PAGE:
Gravity Rush creator wants to see the series on PC

Gravity Rush protagonist falling through space.
(Image credit: Sony japan Studio)

Gravity Rush is one of those games that encapsulates why Sony's now-defunct Japan Studio is sorely missed: There's nothing else quite like it. A 3D parkour-slash-action game with full 360 movement and gravity manipulation, the original was conceived by director Keiichiro Toyama way back in his Konami days before Sony gave his team the chance to make it (initially for PS3, then re-configured as a Playstation Vita showcase). Particularly striking is the colourful, lo-fi comic book aesthetic that channels French artist Jean Giraud.

Toyama will always be best-known for directing the original Silent Hill, after which he went on to make a long list of very good horror titles (Sony hired him to work on Siren). His current independent outfit Bokeh Game Studio is now working on Slitterhead. However it is the 10th anniversary of Gravity Rush, as part of which Toyama spoke to the fansite Gravity Rush Central, which asked how he felt about Sony porting more of its games to PC and whether he'd like to see the series as part of that.

"I think it would be a good thing to open the game up to more users," says Toyama. "It would also be wonderful if Gravity Rush 2 ran on 60fps."

The framerate focus hints at a wider aspect of these games, which is that they absolutely pushed the Vita to the max: Many prefer the remastered PS4 versions which came out several years later. Bringing them to PC would perhaps allow unexplored elements to return to the fore, including the ambition to make it work in VR—The whole of Gravity Rush 2 could be played in first-person mode anyway.

"We had run tests," recalls Toyama. "The frame rate was low, so it was far from any comfortable experience… Even so, the feeling of entering this other world was touching. Due to the nature of the game being a gravity-controlling action, we had hit a brick wall in terms of sustaining a high frame rate for VR."

Gravity Rush protagonist falling through space.

(Image credit: Sony japan Studio)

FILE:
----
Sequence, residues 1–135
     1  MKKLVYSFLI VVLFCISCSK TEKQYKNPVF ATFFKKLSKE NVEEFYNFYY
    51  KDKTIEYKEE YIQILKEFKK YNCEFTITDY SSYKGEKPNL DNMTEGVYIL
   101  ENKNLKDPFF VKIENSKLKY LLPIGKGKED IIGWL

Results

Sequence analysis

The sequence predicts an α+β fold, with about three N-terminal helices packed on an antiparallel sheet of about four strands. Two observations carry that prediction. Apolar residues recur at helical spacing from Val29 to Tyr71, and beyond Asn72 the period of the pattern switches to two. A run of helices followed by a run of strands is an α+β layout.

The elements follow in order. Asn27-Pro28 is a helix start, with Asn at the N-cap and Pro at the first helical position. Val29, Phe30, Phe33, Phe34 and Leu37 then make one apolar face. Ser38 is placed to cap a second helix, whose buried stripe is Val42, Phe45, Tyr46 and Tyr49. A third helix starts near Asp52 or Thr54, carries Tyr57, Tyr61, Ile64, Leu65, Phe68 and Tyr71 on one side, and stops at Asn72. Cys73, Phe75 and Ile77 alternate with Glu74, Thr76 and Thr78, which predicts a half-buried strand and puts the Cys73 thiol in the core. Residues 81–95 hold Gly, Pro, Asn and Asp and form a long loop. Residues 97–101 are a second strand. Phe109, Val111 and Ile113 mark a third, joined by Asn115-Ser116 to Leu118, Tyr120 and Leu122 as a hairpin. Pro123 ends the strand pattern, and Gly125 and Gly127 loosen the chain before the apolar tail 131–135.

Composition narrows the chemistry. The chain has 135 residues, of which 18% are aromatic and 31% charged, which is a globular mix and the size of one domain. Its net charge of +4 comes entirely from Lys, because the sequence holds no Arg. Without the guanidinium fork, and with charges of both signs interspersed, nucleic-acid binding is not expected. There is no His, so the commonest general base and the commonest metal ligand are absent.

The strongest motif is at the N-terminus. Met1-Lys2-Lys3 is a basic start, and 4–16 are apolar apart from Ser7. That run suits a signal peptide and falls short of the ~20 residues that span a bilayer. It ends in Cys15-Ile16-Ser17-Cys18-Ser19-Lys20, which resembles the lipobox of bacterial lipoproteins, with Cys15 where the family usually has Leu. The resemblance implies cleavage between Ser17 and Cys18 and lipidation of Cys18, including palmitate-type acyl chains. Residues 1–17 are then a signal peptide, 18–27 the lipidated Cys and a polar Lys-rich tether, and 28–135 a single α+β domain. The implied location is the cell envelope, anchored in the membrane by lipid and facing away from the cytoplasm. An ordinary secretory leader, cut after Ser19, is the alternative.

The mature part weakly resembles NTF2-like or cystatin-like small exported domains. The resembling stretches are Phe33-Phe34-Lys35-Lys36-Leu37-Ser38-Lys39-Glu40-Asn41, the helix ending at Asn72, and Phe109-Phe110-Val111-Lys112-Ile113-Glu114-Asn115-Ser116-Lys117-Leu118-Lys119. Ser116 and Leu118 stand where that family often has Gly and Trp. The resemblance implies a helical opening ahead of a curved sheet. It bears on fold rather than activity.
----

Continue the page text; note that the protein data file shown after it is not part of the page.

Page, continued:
Finally, asked if he would like to work on a new Gravity Rush, Toyama of course did not say no: "There are various things to bear in mind as a start-up, but on a personal level I obviously would like to. Even if it wasn’t a new game, if there is any opportunity for me to be involved with anything related, I would be grateful to do so."

Gravity Rush is great, and what little kinks it had were minor next to the overall feeling it created: It shows up how unambitious much of the industry is about 3D movement and spaces, a game that sets out to capture the joy of movement and motion, and make the player feel amazing. It has some of that Jet Set Radio DNA, not that it's the same kind of game, but in that just being in this world is ace.

"It’s a somewhat strange game, and I don’t think it can be referred as a major title," says Toyama. "But I’m truly happy that people have been attached to it for such a long time." Sony: Do it.

Rich Stanton

Rich is a games journalist with 15 years' experience, beginning his career on Edge magazine before working for a wide range of outlets, including Ars Technica, Eurogamer, GamesRadar+, Gamespot, the Guardian, IGN, the New Statesman, Polygon, and Vice. He was the editor of Kotaku UK, the UK arm of Kotaku, for three years before joining PC Gamer. He is the author of a Brief History of Video Games, a full history of the medium, which the Midwest Book Review described as "[a] must-read for serious minded game historians and curious video game connoisseurs alike."